"We need to educate the consumer first and foremost that unfortunately for the long-life milk cartons they're purchasing, the end goal for those is not where we think it is - a lot of the states no longer accept them in the recycling bin, and they're a contributing factor to landfill," Heidi Peuten, who co-founded Ulu Hye with Vasia Vogias, tells Business News Australia.

Additionally, Peuten claims the taste of LDP (low-density polyethylene) plastic contained in many common long-life milk cartons also leaches into the milk's flavour.

Their solution is a paste - coming a variety of nut blends - that comes in a reusable glass jar, from which two tablespoons can be blended with a litre of water for one minute to create the 'mylk'.

"The result? One litre of delicious, healthy and planet-friendly, plant-based nut milk that lasts four days in your refrigerator," says Peuten, who along with Vogias was a finalist in the Sydney Young Entrepreneur Awards 2020.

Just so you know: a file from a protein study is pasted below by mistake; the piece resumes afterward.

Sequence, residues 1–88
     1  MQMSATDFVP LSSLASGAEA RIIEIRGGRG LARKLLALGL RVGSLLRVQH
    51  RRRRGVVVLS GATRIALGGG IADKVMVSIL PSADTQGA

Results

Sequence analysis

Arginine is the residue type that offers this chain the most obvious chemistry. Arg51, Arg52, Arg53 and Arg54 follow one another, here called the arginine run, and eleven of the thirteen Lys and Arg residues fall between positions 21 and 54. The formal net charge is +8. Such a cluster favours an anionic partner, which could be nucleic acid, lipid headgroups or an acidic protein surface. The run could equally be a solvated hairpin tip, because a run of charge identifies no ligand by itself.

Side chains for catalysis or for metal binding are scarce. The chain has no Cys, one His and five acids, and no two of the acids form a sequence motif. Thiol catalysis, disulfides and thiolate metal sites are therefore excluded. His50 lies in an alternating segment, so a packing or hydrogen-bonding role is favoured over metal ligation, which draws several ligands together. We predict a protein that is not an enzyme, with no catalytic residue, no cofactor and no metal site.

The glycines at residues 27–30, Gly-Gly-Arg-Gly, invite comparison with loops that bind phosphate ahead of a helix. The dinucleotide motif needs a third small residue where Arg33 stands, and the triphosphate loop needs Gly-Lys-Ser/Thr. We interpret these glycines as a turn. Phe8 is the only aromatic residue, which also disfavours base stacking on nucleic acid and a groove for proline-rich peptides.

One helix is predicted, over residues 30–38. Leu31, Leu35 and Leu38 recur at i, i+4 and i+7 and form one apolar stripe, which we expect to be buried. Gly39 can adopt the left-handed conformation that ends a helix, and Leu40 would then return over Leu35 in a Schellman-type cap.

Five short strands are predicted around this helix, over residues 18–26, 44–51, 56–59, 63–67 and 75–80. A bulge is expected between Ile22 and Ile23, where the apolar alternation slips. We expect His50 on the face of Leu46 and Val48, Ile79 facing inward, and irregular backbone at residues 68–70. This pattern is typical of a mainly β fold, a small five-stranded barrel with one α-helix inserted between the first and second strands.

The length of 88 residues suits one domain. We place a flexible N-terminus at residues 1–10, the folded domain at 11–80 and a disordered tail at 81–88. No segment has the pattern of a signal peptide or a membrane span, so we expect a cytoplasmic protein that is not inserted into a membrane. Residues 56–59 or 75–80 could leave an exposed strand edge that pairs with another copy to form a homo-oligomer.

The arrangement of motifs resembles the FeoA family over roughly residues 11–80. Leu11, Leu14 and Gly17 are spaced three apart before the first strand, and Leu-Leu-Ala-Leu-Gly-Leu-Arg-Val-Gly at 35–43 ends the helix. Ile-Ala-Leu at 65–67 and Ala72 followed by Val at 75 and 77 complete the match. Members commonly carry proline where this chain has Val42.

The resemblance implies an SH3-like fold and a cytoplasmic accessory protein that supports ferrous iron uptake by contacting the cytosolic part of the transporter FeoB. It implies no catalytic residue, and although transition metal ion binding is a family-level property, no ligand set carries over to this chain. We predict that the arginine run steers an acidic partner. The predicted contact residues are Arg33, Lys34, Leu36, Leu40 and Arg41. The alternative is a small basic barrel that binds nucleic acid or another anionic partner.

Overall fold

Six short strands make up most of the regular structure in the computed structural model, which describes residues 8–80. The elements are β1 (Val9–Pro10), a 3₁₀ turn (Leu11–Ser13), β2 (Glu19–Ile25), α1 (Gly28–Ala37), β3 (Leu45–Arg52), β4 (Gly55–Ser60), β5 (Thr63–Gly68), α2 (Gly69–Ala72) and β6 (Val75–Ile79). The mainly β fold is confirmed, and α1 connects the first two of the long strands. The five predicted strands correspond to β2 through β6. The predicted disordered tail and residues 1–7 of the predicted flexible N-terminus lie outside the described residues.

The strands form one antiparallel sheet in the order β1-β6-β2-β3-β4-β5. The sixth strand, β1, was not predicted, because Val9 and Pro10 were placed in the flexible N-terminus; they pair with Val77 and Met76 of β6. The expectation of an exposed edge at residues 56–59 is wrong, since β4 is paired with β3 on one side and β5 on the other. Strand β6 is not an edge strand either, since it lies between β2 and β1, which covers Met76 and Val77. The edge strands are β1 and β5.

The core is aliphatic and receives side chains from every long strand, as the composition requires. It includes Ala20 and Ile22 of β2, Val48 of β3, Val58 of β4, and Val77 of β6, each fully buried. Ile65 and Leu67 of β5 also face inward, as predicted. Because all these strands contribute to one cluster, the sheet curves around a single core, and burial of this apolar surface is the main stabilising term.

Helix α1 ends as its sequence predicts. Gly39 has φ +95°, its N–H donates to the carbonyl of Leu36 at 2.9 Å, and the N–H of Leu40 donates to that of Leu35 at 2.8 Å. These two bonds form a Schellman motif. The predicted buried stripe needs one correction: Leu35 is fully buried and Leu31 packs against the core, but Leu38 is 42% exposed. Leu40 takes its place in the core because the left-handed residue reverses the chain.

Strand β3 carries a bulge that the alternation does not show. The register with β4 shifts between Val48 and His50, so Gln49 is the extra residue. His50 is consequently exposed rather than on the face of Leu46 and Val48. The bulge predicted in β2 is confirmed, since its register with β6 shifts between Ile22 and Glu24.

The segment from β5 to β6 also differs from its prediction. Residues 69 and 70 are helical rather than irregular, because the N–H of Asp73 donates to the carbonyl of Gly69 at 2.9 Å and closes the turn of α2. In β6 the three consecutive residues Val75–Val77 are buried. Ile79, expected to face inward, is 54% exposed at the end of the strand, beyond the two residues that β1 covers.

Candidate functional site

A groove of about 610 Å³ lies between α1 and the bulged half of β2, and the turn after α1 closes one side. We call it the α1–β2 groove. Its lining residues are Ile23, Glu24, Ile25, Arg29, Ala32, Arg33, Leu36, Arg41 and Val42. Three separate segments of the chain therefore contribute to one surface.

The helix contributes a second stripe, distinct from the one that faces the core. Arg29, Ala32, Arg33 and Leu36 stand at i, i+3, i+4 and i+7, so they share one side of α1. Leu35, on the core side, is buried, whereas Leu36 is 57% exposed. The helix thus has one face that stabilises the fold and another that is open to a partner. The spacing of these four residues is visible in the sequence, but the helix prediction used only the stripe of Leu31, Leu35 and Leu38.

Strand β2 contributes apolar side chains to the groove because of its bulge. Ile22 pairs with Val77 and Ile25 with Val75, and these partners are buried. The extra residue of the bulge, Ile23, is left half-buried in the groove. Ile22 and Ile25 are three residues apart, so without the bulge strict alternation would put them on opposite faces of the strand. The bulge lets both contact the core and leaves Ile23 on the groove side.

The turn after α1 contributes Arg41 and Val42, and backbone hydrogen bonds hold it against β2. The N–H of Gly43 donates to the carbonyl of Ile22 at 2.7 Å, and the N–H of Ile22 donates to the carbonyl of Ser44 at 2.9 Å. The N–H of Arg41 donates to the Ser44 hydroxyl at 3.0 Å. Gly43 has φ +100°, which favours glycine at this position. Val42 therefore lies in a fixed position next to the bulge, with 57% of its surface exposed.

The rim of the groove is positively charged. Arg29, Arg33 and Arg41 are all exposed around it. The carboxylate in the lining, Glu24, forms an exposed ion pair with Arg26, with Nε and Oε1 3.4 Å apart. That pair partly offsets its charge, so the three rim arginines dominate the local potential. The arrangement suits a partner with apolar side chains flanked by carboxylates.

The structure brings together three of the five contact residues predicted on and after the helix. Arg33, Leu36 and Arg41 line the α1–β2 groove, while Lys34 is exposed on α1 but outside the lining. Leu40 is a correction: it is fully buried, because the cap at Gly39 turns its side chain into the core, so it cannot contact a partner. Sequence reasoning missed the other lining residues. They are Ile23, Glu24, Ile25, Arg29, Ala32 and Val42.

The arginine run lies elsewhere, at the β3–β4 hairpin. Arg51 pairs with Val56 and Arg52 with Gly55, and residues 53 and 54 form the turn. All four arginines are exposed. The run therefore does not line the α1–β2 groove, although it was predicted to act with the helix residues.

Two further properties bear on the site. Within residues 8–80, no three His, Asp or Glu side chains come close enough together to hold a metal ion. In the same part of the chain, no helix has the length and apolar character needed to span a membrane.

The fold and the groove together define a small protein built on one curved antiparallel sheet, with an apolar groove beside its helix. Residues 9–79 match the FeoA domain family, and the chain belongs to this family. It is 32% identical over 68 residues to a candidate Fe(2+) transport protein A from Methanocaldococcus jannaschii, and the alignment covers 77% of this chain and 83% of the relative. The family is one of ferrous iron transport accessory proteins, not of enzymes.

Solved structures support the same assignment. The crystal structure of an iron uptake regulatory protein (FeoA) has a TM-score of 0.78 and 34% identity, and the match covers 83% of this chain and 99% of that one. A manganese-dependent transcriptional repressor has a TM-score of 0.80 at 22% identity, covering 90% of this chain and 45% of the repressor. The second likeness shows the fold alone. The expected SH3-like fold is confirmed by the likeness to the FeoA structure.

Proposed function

"Milk has played a strong role in the Australian diet since day dot, so being able to provide a plant-based alternative that tastes delicious whilst eradicating single use containers is of our highest priority.

"Basically you'll never run out of milk at home as one jar produces ten whole litres of milk."

Peuten estimates the innovation has so far taken 500,000 long-life cartons out of landfill and counting, but getting this far wasn't just a matter of creating a concept; the idea was novel, and it had to taste good too to overcome the repeat purchase challenge that looms over so many plant-based product developments.